Skip to main content

Sir John Gorton GCMG AC CH

1911 – 2002

The Rt Hon Sir John Gorton GCMG AC CH (1911–2002) was the nineteenth prime minister of Australia and the only senator yet to have served in the office. Educated at Shore, Geelong Grammar and at Brasenose College, Oxford, before entering politics he had worked as an orchardist and been a fighter pilot with the RAAF, serving during the Second World War in Singapore, Darwin and Papua. After unsuccessfully seeking election to the Victorian state parliament, he stood on a joint Country and Liberal Party ticket for a federal senate seat and was elected in the Menzies landslide of 1949. Retaining his seat through the next four senate elections, he was Minister for the Navy from 1958 to 1963 and during the 1960s held several other portfolios including Works and Education, and was Leader of the Government in the senate during 1968–1969. Candid, brusque and irreverent, with cigarette perpetually in hand, he won the leadership of the Liberal Party after the death of Harold Holt and was elected Liberal prime minister of Australia in 1968. Considering himself ‘Australian to the boot heels’, he initiated the withdrawal of Australian troops from Vietnam and restricted opportunities for overseas control of Australia’s natural resources. It was hoped that he would be able to stand up to the aggressive new Labor leader, Gough Whitlam, but, with his support for issues such as abortion law reform and the decriminalisation of homosexuality, his most damaging opponents were to be conservatives from within his own party. Gorton resigned as prime minister in 1971 after a party motion of confidence resulted in a tied vote (Gorton had in fact voted against himself in the ballot). He resigned from the Liberal Party after Malcolm Fraser won the leadership in 1975, and ended his career as an Independent. Though he courted controversy as prime minister, Gorton was well liked by voters and is remembered for his individual, ‘ordinary bloke’ approach. He died at St. Vincent’s Hospital, Sydney, in September 2002, a few months after a 90th birthday dinner at which he received messages from the likes of the Queen, Sir Edward Heath and Henry Kissinger, and three former Labor prime ministers.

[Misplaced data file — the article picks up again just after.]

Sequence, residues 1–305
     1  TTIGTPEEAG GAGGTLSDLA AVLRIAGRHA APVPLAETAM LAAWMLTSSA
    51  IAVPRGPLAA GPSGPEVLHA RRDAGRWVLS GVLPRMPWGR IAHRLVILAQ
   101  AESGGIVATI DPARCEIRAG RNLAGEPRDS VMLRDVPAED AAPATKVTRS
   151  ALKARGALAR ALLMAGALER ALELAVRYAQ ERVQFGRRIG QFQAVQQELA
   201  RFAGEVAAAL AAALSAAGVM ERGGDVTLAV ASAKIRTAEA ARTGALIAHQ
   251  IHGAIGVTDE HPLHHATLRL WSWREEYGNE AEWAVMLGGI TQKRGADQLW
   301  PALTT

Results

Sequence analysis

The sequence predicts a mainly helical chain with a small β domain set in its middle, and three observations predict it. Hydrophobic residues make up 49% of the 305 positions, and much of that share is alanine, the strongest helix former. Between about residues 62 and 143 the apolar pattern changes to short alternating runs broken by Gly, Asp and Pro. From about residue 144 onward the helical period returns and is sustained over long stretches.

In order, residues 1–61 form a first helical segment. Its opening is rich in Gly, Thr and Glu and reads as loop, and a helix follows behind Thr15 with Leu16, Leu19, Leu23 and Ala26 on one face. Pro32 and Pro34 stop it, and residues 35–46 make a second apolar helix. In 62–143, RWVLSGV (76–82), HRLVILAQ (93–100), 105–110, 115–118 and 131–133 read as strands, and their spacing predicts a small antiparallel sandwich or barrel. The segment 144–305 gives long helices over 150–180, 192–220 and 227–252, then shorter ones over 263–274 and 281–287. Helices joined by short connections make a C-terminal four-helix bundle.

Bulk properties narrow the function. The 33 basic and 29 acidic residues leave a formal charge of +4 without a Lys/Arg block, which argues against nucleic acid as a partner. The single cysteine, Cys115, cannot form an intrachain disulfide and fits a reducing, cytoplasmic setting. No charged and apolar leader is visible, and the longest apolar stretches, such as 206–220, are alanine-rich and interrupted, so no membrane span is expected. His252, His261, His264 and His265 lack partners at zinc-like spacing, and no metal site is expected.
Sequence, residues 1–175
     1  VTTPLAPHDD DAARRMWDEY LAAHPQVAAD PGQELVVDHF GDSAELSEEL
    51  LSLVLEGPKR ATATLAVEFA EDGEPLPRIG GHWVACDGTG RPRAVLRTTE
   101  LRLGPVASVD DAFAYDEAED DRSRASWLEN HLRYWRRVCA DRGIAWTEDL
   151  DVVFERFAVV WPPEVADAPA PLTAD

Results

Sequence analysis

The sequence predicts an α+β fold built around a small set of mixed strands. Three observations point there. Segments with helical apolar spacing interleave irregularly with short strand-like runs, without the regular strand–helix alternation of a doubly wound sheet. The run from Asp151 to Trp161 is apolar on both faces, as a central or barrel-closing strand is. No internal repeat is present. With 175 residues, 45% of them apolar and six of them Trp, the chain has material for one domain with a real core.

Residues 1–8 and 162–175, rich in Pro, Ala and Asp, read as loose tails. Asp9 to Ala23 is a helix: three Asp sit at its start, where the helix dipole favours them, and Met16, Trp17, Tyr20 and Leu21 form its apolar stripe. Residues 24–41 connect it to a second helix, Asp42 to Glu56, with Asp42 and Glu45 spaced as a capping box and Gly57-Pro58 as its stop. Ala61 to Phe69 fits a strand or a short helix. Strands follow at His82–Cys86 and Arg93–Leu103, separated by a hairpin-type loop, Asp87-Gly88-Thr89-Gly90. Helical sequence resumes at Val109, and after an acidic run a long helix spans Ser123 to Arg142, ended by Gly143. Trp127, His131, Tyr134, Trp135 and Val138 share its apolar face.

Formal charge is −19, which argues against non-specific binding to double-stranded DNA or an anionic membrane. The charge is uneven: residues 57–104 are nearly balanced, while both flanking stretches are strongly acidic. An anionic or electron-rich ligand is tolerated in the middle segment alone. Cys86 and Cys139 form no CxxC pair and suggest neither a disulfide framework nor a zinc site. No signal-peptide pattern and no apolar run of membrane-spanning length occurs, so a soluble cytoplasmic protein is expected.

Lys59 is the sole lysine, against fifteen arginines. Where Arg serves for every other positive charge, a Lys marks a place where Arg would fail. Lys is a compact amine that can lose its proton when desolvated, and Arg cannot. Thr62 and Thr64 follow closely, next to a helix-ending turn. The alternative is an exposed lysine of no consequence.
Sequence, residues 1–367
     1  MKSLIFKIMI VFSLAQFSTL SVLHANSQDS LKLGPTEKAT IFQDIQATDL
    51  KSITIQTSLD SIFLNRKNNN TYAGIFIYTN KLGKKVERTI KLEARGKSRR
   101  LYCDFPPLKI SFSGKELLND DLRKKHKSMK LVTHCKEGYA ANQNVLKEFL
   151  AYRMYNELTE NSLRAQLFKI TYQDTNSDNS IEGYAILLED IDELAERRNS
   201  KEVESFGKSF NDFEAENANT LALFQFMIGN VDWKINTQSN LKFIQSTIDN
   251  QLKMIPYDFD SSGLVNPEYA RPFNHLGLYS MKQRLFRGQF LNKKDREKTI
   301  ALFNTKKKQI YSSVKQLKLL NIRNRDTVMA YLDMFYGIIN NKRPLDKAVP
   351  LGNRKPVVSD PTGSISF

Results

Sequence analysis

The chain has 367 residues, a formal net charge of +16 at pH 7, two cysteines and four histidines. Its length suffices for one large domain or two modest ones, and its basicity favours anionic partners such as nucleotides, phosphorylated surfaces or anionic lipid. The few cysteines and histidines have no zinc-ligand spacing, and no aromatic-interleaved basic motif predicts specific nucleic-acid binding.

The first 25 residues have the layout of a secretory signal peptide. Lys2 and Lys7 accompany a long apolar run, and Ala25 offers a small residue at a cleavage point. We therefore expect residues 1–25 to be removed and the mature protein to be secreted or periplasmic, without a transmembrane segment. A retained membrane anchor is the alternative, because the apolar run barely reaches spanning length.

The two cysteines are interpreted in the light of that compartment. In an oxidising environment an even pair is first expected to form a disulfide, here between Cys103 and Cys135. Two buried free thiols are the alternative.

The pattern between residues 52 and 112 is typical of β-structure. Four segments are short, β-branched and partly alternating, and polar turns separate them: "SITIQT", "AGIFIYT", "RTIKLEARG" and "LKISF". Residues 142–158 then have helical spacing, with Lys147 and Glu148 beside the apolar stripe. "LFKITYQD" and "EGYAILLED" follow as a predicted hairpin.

Updated 2018